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For a combinatorics problem I have a function, $h(x)$ that is always divisible by five, but it is calculated in pieces, e.g. $h(1) = 43 + 7$.

The final function that I need is $f(x) = (h(x) / 5) \bmod 1000000007$, where $(h(x) / 5)$ is always integral.

I can calculate $h(x) \bmod 1000000007$. However, I'm unsure if it's possible to obtain $f(x)$ from $h(x) \bmod 1000000007$.

I would appreciate any suggestions.

SOLVED: Wow, thank you. Everything was very helpful, and this solution works.

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2 Answers 2

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All you need to do is multiply by the multiplicative inverse of $5 \text{ mod } 1000000007$. Since $1000000007$ is prime, Fermat's little theorem says that inverse is $5^{1000000005} \text{ mod } 1000000007$ which Wolfram Alpha calculates as $400000003$. So your answer is $((h(x) \text{ mod } 1000000007)*400000003) \text{ mod } 1000000007$.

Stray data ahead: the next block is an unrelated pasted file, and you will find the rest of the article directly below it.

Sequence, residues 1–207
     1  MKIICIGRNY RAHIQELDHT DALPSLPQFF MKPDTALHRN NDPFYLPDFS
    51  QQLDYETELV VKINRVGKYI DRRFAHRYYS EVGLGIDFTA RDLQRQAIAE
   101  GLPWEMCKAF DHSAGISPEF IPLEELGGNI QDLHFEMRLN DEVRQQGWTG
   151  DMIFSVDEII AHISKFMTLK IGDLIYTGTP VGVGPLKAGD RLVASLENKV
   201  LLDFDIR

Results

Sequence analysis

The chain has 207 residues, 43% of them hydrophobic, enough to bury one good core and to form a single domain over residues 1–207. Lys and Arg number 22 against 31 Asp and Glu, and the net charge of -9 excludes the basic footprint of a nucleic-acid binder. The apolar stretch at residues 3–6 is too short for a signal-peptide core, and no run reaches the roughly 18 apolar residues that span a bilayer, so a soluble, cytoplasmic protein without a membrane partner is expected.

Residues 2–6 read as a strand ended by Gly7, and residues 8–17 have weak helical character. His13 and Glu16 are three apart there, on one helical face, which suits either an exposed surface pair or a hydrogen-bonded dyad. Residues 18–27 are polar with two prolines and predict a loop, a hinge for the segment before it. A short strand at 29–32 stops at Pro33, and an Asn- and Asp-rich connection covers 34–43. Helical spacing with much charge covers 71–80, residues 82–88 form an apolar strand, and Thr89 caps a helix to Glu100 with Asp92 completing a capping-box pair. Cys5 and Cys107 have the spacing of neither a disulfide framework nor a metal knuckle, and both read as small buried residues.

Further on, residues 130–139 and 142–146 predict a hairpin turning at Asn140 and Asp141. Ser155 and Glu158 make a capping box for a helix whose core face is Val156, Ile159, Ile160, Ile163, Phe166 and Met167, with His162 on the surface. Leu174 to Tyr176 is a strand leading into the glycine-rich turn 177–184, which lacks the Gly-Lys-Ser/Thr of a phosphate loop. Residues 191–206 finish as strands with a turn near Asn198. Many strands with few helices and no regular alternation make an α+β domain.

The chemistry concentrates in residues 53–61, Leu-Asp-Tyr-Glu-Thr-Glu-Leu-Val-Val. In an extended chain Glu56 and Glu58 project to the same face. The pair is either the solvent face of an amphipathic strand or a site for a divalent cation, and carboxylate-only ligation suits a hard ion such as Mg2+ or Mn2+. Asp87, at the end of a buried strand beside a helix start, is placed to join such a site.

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Hint $\rm\ \ h/5\ mod \ m\ =\ ((1/5\ mod\ m)\ (h\ mod\ m))\ mod\ m.\:$

But computing $\rm\ 1/5\ mod\ m\ $ is easy for $\rm\,m = 5n+2$

$$\rm\ mod\ 5n+2\!:\ \ \frac{1}5\,\equiv\, \frac{1+2(5n+2)}5 \,\equiv\, \frac{10n+5}{5}\,\equiv\, 2n+1$$

For $\rm\:m = 10\cdot 10^k\! + 7\, =\, 5\,(2\cdot 10^k\!+1) + 2,\,$ we get $\rm\:1/5\,\equiv\, 2\,(2\cdot 10^k+1) + 1 \,\equiv\, 4\cdot 10^k + 3.$

e.g. $\rm\ \ 1/5\equiv 43\pmod{107},\ \ 1/5\equiv 403\pmod{1007},\ \ 1/5\equiv 4003\pmod{10007},\,\ldots$

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See also this answer which computes $\rm\: 1/5\ mod\ m\:$ for all $\rm\,m\,$ coprime to $5.\ $ –  Bill Dubuque Sep 10 '12 at 14:58

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